I know, I know. But, c’mon. It’s WANDER. Maybe this is more the bug that I have always had for wanting to have the shiny new toy, but if he delivers even 80% of the projection, I think it’s worth taking the chance that he might even exceed it in a few places. Here are some plate discipline stats that are absolutely incredible for such a young player: a swinging-strike rate 4% lower than the league average, a K% 10% lower than league average, and a 73% contact rate on pitches outside of the strike zone. 

That’s insane. I want him on my team, both in real life and in fantasy.

 

Round 6: Picks 61-72

Nolan Arenado (3B)

Nolan Arenado went from one of the best places to hit in the major leagues to one of the toughest. His hard-hit numbers were on par with his 2019 season in Colorado and he put up 35 bombs. His days of hitting over .300 may be behind him, especially as Coors Field is a greater positive impact on that than it does dingers, but while he hit .255 last year, his expected average was .281.

The projections seem to be a little bearish, and another of experience for the soon-to-be 31-year-old likely means his best days are behind him, but he’s not old and, as a third baseman, he may need to be the backup plan if you don’t get Devers or José Ramírez early. If you take him for your CI spot, you also take him away from somebody else’s team as their primary third base option.

 

Round 7: Picks 73-84

Jazz Chisholm, Jr. (2B/SS)

2021 was a bit of a tale of two stories for Jazz: the first half and the second half. He posted a .264 average with 11 bombs and 35 RBI through the first part of the season. In the latter half, that dipped to .228 with 7 homers and just 18 RBI. He will need to respond, deploying counter-measures to the adjustments that opposing pitchers made, but that feels like a more likely outcome than the 24-year-old having peaked already.

The obvious benefit of snagging him here is the steals upside. He stole 23 bags last year and is projected to repeat that performance. Anybody giving you 20+ steals in a roto or categories league is worth taking the chance, and in the 7th round, I’d rather take Jazz than be grasping at Myles Straw later.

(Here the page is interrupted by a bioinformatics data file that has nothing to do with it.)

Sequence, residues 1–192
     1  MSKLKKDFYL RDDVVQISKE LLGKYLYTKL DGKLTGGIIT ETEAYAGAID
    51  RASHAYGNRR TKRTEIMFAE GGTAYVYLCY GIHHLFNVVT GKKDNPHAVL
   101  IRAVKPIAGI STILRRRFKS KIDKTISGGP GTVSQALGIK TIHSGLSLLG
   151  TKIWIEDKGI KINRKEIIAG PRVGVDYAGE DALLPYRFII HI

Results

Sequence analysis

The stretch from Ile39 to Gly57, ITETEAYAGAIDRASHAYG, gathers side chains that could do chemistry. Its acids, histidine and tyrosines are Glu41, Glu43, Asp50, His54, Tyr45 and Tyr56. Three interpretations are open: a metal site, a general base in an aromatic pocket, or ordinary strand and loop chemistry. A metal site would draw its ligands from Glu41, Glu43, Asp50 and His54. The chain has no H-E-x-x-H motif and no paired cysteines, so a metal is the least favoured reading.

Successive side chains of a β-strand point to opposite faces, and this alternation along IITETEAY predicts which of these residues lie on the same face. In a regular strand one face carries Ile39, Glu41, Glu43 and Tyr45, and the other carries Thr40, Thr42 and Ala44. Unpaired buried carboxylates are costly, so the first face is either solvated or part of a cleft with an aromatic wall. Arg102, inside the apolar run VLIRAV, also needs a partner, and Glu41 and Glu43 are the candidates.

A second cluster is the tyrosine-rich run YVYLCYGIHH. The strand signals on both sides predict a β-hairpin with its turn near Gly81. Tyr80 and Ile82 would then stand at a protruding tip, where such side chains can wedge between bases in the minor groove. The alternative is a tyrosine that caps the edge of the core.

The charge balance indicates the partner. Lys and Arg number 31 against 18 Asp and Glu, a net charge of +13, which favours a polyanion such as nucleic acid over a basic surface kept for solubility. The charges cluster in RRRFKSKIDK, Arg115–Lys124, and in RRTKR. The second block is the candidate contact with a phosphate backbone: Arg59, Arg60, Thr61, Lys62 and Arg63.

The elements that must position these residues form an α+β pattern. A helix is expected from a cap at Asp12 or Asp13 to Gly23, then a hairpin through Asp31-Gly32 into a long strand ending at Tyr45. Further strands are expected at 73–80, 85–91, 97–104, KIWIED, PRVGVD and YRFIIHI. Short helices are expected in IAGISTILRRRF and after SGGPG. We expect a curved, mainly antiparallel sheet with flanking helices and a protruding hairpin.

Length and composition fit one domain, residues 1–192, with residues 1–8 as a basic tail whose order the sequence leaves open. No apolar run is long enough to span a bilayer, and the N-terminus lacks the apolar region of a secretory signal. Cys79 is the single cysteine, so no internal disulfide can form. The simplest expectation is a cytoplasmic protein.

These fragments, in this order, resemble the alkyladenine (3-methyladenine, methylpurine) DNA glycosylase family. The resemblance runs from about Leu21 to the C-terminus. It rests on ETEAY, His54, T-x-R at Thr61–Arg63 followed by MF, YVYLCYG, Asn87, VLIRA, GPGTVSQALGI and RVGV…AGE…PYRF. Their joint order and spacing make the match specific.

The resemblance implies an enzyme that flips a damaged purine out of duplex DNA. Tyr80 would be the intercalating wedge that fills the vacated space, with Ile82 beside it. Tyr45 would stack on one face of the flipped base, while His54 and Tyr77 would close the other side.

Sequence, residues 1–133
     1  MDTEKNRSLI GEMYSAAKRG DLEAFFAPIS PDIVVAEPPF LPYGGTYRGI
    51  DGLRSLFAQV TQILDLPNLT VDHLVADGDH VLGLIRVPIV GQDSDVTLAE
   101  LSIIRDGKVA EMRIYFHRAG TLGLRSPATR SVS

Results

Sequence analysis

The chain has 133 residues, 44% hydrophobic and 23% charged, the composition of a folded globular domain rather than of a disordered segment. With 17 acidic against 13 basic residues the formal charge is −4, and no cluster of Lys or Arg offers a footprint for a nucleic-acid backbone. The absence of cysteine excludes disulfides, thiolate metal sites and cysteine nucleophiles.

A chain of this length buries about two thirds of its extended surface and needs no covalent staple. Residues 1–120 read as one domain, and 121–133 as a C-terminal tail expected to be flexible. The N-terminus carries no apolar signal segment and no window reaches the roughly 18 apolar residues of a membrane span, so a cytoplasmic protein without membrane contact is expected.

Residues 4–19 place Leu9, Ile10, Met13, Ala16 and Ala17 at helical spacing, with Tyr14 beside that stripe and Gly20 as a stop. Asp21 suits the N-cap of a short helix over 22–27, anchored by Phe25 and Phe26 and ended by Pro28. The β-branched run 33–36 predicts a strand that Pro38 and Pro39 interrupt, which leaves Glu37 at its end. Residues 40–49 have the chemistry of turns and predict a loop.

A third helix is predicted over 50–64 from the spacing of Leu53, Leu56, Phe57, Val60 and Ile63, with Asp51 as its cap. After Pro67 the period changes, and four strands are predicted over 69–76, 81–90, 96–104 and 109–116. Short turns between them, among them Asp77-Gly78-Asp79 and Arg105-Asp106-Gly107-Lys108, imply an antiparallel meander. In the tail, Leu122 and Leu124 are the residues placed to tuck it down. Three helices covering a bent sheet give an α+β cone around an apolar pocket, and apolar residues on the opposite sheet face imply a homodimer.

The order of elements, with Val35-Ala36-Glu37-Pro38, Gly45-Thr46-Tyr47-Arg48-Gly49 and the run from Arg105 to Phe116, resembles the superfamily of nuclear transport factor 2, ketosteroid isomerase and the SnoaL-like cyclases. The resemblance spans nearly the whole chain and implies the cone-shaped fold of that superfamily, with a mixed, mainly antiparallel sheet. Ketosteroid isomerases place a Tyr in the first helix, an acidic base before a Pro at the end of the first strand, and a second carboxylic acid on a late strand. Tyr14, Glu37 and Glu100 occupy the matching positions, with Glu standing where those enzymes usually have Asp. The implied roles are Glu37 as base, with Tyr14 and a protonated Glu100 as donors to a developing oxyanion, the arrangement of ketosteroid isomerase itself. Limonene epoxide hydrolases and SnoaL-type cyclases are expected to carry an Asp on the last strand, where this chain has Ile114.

Round 8: Picks 85-96

Bryan Reynolds (OF)

Bryan Reynolds had the most under-the-radar amazing year in 2021. He seems to be a darling of the draft season in 2022, but there was not nearly enough respect on his name last year as he was He was 20th in the league in runs, 20th in average, and 10th in on-base percentage. His K% was better than league average and his walk rate lower. He dropped 24 dongs and, for good measure, 5 bags.

He had a wRC+ of 142 which put him tied for 10th best in MLB with… Trea Turner. I’m ecstatic to get him here.

 

Round 9: Picks 97-108

Jesse Winker (OF)

Here’s another guy for whom, I feel the need to report, I may have some serious, blinding love. I’ve been drafting Winker for a few seasons, hopeful that each would bring his breakout. Last year, I was finally rewarded in full. You should check out his Pitcher List player page; it’s all red except for steals. You aren’t drafting Jesse Winker for steals, obviously.

My favorite part of his profile is how hard he hits the ball. In the past two seasons, he has had barrel rates of 12.6% and 11% and last year had a hard contact rate of 33.5%. He does this while having just a 15.5 K% which helped him achieve the 6th best OBP in the big leagues last year.

 

Round 10: Picks 109-120

Kyle Schwarber (OF)

Speaking of players who hit the ball hard, enter Kyle Schwarber. As of this moment, we don’t know exactly where he will land, but wherever it is, he will murder baseballs. He is a gamer while not taking himself too seriously and seems to have the constitution to succeed anywhere he may go. He strikes out a lot, but also walks a ton too. His .372 OBP, .554 slugging, and .406 xwOBA were good for 25th, 17th, and 20th in MLB, respectively.

He also hit 32 long-balls, a top 30 finish. He’s easy to root for, he’s good, and those things in combination make him a lot of fun to have on your fantasy roster.